Cover image for Bad girls
Bad girls
Wilson, Jacqueline.
Personal Author:
First American edition.
Publication Information:
New York : Delacorte Press, 2001.
Physical Description:
163 pages ; 22 cm
Ten-year-old Mandy must endure torment from three nasty bullies in school, but she finds solace in a new friendship with an older girl.
Reading Level:
550 Lexile.
Program Information:
Accelerated Reader AR MG 4.0 4.0 23470.

Reading Counts RC 3-5 4.5 8 Quiz: 24250.
Geographic Term:
Added Author:
Format :


Call Number
Material Type
Home Location
Item Holds
X Juvenile Fiction Childrens Area
X Juvenile Fiction Open Shelf

On Order



Mandy White is a good girl who the bad girls like to pick on. Until a bigger, badder girl makes her her special friend. Tanya is a foster child across the street and she's nothing like good little Mandy. She's fun and she's tough and she wears really cool clothes. Of course, Mandy's overprotective mother wants her precious little daughter to have nothing to do with the new neighbor. But Mandy is growing up and learning a lot about herself and the real world. Like sometimes bad girls are truly terrible bullies. But sometimes, a bad girl can have the best heart and make the best friend.

Author Notes

Jacqueline Wilson was born in Bath, England on December 17, 1945. She always wanted to be a writer and as a teenager, started working as a journalist for Jackie magazine. Since becoming a full-time writer, she has written numerous novels including The Dare Game; Bad Girls; The Worry Website; Lola Rose; The Diamond Girls; Clean Break; and Hetty Feather. Her novels have been adapted numerous times for television, and commonly deal with such difficult topics as adoption, divorce, and mental illness. She has also won numerous awards including the Guardian Children's Fiction Award for The Illustrated Mum; the Smarties Prize, the Sheffield Children's Book Award and the Children's Book Award for Double Act; The Young Telegraph/Fully Booked Award in 1995 for The Bed and Breakfast Star; and the 2002 Blue Peter People's Choice Award for The Story of Tracy Beaker. In 2015 she made the New Zealand Best Seller List with her title The Butterfly Club.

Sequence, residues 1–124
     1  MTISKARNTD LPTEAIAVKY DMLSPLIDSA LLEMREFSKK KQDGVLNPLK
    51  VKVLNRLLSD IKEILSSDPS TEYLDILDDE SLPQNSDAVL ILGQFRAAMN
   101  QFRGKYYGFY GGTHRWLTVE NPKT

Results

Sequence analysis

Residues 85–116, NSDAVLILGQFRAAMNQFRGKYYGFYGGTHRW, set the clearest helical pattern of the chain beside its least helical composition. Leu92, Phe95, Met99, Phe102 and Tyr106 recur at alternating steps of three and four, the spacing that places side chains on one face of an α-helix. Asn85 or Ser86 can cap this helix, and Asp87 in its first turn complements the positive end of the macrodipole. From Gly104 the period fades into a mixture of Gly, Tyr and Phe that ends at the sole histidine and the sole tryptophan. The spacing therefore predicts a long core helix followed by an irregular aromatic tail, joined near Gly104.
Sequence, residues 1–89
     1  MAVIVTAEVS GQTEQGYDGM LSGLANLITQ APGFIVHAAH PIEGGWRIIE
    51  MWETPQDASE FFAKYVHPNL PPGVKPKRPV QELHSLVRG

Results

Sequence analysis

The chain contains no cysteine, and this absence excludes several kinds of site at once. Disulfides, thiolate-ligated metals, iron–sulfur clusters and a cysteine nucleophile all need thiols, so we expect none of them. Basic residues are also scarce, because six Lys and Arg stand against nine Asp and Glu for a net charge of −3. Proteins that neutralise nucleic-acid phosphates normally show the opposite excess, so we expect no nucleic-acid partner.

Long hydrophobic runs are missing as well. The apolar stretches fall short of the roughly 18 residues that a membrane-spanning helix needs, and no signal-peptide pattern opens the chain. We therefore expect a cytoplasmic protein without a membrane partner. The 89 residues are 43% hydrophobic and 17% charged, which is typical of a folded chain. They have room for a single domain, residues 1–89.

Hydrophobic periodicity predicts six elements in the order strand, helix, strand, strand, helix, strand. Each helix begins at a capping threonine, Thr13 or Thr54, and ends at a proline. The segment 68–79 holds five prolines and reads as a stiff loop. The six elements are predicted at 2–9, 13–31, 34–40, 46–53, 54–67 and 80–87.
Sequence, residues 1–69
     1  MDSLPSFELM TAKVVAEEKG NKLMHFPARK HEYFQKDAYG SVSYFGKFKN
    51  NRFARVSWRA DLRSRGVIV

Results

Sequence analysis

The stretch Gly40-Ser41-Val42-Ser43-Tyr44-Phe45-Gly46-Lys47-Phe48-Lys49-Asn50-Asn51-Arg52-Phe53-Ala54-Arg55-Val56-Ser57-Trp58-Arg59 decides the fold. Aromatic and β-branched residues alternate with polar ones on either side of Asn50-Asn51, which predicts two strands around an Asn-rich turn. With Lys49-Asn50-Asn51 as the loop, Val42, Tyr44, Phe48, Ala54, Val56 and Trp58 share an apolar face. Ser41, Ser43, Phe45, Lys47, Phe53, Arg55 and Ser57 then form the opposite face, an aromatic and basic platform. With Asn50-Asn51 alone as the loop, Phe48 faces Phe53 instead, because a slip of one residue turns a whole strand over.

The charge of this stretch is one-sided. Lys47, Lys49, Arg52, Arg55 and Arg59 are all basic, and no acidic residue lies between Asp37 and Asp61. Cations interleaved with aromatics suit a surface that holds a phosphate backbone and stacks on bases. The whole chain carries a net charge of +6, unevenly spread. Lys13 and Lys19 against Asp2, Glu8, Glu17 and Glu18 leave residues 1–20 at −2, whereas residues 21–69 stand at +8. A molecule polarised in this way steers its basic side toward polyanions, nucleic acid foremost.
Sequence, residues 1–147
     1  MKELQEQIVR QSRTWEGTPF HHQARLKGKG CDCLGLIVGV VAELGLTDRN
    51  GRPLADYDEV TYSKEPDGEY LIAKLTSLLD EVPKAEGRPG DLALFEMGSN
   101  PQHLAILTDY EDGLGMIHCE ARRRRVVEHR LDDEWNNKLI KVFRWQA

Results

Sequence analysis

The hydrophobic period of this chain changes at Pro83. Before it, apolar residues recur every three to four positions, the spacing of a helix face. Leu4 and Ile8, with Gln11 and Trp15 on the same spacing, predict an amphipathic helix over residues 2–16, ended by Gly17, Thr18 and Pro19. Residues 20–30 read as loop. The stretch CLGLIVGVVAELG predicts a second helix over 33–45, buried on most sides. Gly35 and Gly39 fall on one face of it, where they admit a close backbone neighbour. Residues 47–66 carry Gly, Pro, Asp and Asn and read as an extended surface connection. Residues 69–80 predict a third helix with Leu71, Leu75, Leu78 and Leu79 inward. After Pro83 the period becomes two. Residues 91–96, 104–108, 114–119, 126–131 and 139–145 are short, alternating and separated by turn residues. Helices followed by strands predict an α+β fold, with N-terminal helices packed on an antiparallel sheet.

(Bowker Author Biography)

Reviews 3

Booklist Review

Gr. 3^-6. Popular British author Wilson, whose works are punctuated by Nick Sharratt's lively drawings, returns with an easily identifiable story. Ten-year-old Mandy is being tormented by classmate Kim and her pals. The only child of older parents, Mandy has her hair braided and wears dresses decorated with bunnies, and she cries easily. But when the girls chase Mandy into the street, and she is almost hit by a bus, the truth about the teasing comes out. Wilson does her usual terrific job of mixing truth and humor. Kim et al. are vicious in exactly the way girls of that age often are. A punky teen becomes Mandy's salvation and a source of distress when the older girl's shoplifting catches up with both of them. There are a few problems: Mandy's overweight mother borders on the stereotypical; and the ending, in which Mandy's classmates learn through a classroom chat how bad bullying can be, seems like wishful thinking. But this is enjoyable fare, with excerpts from several of Wilson's previous books to tempt readers primed by this one. --Ilene Cooper